• The number of households that use cell phones and no land lines is now over a quarter — 27 percent. This starts to hint that how we think about who has broadband and who doesn’t is changing. Are there people who get all the access to the Internet they want via their smart phones and have no home access?”
Katy Read of the Strib files a story on women entrepreneurs: “It started six years ago, when a group of Minnesota women entrepreneurs who sold items they’d made or designed wondered how they could get more attention for their products. … And so began Maiden Minnesota, a holiday shopping event featuring exhibits of women-owned, Minnesota-based gifts products. This year’s event, on Oct. 26, included 36 companies selling cosmetics, jewelry, clothing, food, handbags and products for the home, and is estimated to have drawn more than 1,000 customers.”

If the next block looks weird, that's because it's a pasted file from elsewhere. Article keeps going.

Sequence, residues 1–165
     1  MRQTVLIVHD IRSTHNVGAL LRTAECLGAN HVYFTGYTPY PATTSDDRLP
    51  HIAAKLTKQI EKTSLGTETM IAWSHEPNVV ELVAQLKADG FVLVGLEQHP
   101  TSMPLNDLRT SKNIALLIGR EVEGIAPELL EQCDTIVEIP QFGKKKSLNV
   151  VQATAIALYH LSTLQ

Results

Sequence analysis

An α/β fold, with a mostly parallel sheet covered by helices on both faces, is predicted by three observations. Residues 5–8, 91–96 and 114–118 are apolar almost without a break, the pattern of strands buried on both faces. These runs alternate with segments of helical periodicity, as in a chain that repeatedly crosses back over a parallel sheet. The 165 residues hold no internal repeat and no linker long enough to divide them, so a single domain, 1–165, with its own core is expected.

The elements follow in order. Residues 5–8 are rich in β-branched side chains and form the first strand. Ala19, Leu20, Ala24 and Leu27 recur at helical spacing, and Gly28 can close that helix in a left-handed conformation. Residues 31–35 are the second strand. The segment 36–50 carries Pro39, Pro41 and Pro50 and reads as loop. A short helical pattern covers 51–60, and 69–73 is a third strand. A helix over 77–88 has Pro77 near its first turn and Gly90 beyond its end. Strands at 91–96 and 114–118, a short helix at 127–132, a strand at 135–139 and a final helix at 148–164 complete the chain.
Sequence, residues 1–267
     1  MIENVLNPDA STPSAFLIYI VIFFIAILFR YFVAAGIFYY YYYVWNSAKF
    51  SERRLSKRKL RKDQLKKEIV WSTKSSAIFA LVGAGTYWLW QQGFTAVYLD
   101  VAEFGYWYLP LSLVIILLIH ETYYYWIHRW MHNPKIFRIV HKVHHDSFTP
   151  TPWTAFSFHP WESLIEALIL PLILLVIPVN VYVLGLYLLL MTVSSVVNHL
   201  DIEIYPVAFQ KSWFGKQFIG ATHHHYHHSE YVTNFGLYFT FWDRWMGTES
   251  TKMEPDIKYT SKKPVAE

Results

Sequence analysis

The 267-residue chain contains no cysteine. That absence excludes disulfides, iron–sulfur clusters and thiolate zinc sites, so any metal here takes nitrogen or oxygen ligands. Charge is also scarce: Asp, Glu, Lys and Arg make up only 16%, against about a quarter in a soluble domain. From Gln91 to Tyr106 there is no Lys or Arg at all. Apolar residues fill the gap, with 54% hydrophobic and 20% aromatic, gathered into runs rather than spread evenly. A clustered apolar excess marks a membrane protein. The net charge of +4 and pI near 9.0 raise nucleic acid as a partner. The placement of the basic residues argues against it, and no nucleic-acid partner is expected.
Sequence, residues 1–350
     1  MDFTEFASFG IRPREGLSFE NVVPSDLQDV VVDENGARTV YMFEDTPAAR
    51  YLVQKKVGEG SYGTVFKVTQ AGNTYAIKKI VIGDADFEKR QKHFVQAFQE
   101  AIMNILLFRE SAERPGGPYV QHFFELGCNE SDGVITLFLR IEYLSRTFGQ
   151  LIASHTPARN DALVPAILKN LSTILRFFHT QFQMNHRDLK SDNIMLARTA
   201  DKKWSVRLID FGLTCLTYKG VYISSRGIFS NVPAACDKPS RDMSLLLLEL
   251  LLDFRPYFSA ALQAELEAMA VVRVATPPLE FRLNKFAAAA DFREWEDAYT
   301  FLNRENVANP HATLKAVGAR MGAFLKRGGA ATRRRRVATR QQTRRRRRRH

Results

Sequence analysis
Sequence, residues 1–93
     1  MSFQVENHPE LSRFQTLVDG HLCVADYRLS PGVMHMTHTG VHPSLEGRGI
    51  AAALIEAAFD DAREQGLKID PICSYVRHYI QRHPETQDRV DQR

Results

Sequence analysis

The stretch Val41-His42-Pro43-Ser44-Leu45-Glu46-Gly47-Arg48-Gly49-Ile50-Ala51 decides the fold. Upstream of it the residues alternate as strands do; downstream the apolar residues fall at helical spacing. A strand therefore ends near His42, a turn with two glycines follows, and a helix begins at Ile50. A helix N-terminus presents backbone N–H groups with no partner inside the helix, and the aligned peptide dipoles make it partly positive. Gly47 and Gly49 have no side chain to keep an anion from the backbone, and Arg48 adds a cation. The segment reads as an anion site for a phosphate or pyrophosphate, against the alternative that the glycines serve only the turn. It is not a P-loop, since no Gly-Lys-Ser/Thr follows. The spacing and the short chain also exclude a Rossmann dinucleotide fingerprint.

More on the fracas over seat licenses for the Vikings stadium. Says Tim Nelson at MPR: “Minnesota Sports Facilities Authority chairwoman Michele Kelm-Helgen said a survey of ticket holders by the Vikings included some of those-five figure numbers in questions about the new stadium. ‘Apparently there were a lot of different examples, and some of them were $20,000 a seat, $30,000 a seat. I don’t think the market in Minnesota probably could bear that anyway,’ Kelm-Helgen said. ‘I don’t think realistically that’s something we’re looking at, but those are the kind of numbers people are concerned about.’ But unlike the governor, Kelm-Helgen would not rule out the idea altogether. In state law, her agency is responsible for actually selling the licenses — the proceeds of which are to go to stadium construction. Kelm-Helgen said she does not want to price fans out of the market.”